Appellants cite Little Rock Gas & Fuel Co. v. Coppedge, 116 Ark. 334, 172 *36 S.W. 885 (1915); and Ark. Power & Light Co. v. Johnson, 260 Ark. 237, 538 S.W.2d 541 (1976), as authority for the admissibility of the proffered testimony. We first observe that the facts in these cases are quite dissimilar to those in the instant case. In Coppedge, the condition presented as being similar was that the gas pressure was improperly maintained in a pipe that supplied the Coppedge house as well as other customers in the area. The Coppedge stoves and those of other customers were essentially the same. In Johnson it appears that the parties there agreed that the physical conditions existing at the time of the subsequent accident were identical. Here the facts are obviously dissimilar. Furthermore, in Coppedge and Johnson the court allowed proof of similarity of conditions and we upheld the rulings on the basis that it was not an abuse of discretion. Here, the court refused the proffer. In Johnson, we said:Admission of evidence of subsequent incidents, like that of prior incidents poses the question of relevancy, even though the admission of the former must be approached with greater caution than the latter. Questions of relevancy address themselves to the sound judicial discretion of the trial judge. The exercise of that discretion should not be reversed on appeal except for manifest abuse.
Here, suffice it to say that appellants have not demonstrated there was a manifest abuse of discretion by the trial court.
Appellants next contend that the trial court erred in instructing the jury (AMI 2201 and 2204) that future medical expenses are a proper element of damages. They argue that these expenses are based entirely on speculation and conjecture. We cannot agree. The appellee Gates, 62 years of age, testified that he cannot turn his head very well; his nerves are "shot" since the accident, and he cannot sleep at night; he is often stiff all over; he cannot help with chores around the house; he has had to discontinue his outdoor recreational activities, such as fishing and hunting, as a result of the accident. His injury has required hospitalization, medication and rehabilitative treatments. He is currently on medication and treatments which provide only temporary relief. As of the date of trial appellee's medical expenses were $5,599.32.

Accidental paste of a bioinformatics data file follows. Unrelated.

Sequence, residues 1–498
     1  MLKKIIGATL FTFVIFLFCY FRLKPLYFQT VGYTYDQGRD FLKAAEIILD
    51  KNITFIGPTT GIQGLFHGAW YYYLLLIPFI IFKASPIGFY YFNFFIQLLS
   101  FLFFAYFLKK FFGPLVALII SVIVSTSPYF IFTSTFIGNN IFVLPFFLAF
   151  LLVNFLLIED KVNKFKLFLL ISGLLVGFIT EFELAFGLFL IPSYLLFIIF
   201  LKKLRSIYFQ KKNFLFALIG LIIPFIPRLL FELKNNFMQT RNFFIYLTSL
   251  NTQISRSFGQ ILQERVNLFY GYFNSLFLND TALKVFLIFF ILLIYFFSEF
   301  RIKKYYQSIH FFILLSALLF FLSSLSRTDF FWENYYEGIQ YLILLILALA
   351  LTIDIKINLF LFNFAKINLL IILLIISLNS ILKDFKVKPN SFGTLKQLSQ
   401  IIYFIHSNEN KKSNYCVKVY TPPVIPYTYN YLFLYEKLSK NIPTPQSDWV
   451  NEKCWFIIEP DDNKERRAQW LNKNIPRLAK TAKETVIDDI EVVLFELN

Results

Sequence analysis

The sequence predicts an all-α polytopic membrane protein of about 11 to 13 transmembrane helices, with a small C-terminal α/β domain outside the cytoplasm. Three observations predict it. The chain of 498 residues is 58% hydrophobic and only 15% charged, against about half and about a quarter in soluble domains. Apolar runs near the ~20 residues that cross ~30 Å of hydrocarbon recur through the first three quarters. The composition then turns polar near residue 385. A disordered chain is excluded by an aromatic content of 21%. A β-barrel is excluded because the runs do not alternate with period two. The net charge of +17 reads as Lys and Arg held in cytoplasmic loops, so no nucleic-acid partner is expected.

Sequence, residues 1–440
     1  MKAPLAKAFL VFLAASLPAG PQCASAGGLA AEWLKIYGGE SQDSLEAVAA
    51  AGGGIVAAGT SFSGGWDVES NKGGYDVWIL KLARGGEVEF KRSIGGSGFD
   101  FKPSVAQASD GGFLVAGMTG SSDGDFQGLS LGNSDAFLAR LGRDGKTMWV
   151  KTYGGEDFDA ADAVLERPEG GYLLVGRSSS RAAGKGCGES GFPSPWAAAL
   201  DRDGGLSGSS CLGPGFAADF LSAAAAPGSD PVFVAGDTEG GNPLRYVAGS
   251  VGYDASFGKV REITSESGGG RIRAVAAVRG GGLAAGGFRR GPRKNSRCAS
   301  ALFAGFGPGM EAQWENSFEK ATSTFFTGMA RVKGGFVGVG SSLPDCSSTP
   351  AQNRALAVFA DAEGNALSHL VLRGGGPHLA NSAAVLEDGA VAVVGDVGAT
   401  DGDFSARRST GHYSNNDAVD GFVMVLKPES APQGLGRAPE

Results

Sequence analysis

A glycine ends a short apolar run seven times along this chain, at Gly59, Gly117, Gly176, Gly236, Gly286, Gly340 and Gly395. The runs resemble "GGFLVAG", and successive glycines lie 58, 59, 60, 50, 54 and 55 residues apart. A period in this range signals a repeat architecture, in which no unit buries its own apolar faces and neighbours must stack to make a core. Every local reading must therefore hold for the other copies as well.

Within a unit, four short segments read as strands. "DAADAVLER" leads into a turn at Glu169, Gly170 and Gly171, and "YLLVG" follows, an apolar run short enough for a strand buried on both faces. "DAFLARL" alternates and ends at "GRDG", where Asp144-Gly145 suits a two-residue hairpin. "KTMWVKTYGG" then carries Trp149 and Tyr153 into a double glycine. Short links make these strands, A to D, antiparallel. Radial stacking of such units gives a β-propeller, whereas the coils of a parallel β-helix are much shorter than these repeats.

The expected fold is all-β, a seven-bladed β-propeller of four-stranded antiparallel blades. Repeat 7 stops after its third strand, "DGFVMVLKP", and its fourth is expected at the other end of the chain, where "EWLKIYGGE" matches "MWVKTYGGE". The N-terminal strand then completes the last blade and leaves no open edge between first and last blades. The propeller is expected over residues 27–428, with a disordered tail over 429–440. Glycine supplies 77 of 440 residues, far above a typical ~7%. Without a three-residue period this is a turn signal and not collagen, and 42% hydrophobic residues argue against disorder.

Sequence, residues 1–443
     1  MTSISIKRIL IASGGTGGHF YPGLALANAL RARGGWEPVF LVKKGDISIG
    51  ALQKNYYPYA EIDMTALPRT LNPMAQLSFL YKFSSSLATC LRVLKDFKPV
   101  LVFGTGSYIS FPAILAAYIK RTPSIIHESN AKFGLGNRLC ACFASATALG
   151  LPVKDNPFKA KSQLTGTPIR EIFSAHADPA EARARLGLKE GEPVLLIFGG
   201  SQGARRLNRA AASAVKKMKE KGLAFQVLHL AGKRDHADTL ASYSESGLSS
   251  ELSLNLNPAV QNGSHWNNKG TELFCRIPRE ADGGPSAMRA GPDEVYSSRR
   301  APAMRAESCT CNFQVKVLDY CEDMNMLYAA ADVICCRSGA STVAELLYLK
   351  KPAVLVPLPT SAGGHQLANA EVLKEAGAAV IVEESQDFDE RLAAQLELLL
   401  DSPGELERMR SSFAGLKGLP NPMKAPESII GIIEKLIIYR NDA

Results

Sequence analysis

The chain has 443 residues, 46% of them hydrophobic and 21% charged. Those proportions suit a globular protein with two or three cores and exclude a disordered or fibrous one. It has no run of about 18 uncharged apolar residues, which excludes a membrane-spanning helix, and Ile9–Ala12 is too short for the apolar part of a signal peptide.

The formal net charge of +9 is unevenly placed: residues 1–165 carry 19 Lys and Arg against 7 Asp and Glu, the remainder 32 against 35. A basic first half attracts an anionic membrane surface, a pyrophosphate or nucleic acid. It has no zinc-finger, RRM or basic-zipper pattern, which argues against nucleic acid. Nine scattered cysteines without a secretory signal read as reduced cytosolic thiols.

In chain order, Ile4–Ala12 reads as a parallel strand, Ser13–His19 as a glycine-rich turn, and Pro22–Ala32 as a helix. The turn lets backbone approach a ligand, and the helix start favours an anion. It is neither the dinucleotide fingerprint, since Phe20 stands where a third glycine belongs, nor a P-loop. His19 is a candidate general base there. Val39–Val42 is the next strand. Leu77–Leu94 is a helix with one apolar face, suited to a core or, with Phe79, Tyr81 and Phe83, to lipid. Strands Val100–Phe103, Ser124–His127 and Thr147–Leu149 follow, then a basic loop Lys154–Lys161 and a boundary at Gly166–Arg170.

Gates produced medical testimony that as a result of the accident he suffered severely from a cervical sprain syndrome or a neck injury. He was hospitalized on four occasions: January 20-February 2, 1979; March 10-20, 1979; May 14-16, 1979; and September 16-22, 1979. He has been continuously on medication and some therapy. There is damage to the soft tissue in the neck which will cause intermittent difficulty for the rest of his life and will require future medication. An examination one month prior to trial, which was two years and three months after the accident, indicated the residual presence of chronic pain syndrome; and an arthritic condition, which became symptomatic after the accident, is irreversible and would progressively worsen. X-rays indicate some disc protrusion exists. Gates would suffer "from now on a chronic pain in the cervical area." Gates was regarded as being in good health before the accident.
We have held that it is not speculation and conjecture to calculate future medical expenses where a jury has before it a history of medical expenses that have accrued as of the date of trial. Belford v. Humphrey, 244 Ark. 211, 424 S.W.2d 526 (1968); Haney v. Noble, 250 Ark. 557, 466 S.W.2d 467 (1971); and Ark. Power & Light Co. v. Heyligers, 188 Ark. 815, 67 S.W.2d 1021 (1934). Here, in addition to the history of the medical expenses which had accrued and the seriousness of the injury, there is also a degree of medical certainty as to the need for future medication. We hold there is sufficient evidence from which the jury could fairly infer that future expenses for medicine and medical attention will be necessary.